The appointment of Field Marshal Lord Roberts as president of the society in 1898 boosted the zoo’s connection with India. Roberts was commander-in-chief of the British army in Ireland at the time and had been commander-in-chief in India from 1885 to 1893. He circulated a list of desirable animals to army officers around the globe, asking for help for Dublin Zoo. Over the following years animals, including several species of monkey, tigers, leopards, wild sheep and parakeets, were sent to Dublin by officers serving in India, often at no cost to the zoo. Roberts took an active interest in the progress of donations. In 1899, after his son was killed in South Africa during the Boer War, he took up command in Africa. In June 1900 the council received a letter from him enquiring whether snow leopards being shipped to Dublin Zoo from Calcutta had arrived yet; in his letter Roberts mentioned that he was writing as he waited to receive an answer to his summons for the surrender of Johannesburg.

Keepers sitting on a young Indian elephant in Dublin.

Keepers sitting on a young Indian elephant in Dublin.

During the twentieth century occasional gifts of animals arrived from India, including a young elephant that was presented to Dublin Zoo by the Indian government in 1971. Today the animals in Dublin Zoo are part of international conservation programmes and the traditional forms of acquisition no longer apply.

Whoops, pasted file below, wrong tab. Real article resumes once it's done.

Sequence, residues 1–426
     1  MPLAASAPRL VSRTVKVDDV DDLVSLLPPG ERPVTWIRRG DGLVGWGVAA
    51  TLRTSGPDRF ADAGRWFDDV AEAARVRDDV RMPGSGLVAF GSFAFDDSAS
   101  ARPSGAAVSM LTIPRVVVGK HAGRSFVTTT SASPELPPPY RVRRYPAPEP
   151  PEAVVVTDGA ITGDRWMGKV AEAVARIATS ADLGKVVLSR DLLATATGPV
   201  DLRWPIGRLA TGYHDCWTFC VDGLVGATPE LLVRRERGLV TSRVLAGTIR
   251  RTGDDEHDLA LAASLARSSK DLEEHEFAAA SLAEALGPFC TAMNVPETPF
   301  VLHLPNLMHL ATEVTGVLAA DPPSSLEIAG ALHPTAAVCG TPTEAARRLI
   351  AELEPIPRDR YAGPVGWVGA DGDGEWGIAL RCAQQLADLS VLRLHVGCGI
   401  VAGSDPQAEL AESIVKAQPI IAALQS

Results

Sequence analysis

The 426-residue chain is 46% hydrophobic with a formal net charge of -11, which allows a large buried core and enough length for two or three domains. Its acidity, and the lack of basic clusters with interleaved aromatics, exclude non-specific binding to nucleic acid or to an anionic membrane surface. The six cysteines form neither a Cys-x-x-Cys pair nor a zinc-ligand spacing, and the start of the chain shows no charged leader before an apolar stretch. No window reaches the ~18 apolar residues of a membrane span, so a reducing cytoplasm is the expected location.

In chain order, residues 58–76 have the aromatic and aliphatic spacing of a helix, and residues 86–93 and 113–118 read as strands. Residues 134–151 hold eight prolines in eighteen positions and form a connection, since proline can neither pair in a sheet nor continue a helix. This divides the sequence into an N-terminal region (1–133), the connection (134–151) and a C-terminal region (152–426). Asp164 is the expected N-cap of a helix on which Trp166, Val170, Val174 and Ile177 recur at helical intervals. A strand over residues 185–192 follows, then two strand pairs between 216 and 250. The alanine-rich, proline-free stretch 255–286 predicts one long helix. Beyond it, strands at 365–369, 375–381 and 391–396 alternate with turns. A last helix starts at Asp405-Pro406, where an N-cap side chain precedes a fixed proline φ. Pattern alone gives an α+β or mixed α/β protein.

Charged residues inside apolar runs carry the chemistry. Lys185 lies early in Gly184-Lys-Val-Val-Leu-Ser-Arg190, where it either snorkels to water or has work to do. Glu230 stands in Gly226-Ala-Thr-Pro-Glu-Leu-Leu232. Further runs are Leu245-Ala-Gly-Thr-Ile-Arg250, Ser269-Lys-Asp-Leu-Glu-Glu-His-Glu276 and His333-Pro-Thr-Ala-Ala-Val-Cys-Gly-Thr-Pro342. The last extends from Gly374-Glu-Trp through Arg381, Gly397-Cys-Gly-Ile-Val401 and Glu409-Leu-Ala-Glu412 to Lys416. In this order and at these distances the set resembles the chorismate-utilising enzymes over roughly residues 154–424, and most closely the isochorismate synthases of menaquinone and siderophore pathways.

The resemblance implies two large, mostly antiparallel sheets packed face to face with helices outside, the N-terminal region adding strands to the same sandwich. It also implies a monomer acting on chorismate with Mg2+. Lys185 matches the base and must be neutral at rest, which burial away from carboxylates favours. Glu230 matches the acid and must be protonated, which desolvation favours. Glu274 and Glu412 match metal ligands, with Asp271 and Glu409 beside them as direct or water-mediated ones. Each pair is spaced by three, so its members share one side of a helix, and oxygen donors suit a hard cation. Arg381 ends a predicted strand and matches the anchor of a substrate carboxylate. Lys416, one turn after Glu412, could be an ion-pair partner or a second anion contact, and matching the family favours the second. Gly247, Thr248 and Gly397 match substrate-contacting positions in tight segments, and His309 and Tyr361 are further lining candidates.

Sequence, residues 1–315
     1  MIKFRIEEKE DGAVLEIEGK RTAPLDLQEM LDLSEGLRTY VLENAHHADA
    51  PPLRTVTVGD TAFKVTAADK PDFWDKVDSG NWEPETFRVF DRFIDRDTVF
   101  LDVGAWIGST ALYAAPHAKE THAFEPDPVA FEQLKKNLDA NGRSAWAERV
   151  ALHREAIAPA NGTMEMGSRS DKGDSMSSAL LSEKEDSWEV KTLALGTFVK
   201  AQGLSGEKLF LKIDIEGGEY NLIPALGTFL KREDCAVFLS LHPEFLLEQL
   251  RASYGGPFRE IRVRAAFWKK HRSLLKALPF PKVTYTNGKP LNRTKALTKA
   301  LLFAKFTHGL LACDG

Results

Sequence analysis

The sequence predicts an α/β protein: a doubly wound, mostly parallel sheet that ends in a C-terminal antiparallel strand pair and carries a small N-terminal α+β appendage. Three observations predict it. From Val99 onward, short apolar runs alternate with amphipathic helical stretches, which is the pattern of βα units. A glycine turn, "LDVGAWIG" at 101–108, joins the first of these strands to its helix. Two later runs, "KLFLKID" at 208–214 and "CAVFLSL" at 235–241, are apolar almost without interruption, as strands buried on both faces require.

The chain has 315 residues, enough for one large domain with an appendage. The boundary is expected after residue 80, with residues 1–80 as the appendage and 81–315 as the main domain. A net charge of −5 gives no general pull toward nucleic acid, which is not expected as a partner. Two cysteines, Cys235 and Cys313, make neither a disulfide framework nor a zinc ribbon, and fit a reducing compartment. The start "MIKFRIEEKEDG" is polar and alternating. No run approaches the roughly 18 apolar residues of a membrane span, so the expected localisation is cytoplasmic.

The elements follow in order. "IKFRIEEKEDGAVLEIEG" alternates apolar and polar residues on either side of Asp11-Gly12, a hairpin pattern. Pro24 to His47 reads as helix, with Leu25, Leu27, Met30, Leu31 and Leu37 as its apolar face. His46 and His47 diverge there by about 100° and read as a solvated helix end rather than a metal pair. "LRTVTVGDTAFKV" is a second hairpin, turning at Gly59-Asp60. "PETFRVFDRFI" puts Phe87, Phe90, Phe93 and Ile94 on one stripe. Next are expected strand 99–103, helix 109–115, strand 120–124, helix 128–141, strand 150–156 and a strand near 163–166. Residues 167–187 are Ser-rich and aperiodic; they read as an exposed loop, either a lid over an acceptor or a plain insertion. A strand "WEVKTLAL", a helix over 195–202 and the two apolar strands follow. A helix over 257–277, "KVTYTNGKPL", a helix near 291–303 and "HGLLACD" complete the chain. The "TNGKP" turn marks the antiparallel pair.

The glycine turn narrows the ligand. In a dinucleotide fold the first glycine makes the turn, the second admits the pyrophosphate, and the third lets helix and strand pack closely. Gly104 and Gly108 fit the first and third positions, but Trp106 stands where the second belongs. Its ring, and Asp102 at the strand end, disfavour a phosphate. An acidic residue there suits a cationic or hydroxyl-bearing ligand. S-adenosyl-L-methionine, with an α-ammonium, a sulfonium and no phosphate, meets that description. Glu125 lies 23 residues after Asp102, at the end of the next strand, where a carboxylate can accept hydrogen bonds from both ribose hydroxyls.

In 1865 Haughton had purchased Trevelyan’s young rhinoceros for the Zoological Museum in Trinity College Dublin. Recently a stuffed rhinoceros in the museum (opening picture) generated interest. Because of its small size there was speculation that it might be a rare Javan rhinoceros (also native to India). DNA tests identified it, however, as the more common great Indian rhinoceros. But Trevelyan’s, a male, was only two, or at most three, years old and therefore not yet fully grown. Nevertheless, conclusive evidence as to whether or not this is indeed Trevelyan’s rhinoceros remains elusive.  HI

Catherine de Courcy is a writer and historian.
Further reading

C. de Courcy, Dublin Zoo: an illustrated history (Cork, 2009).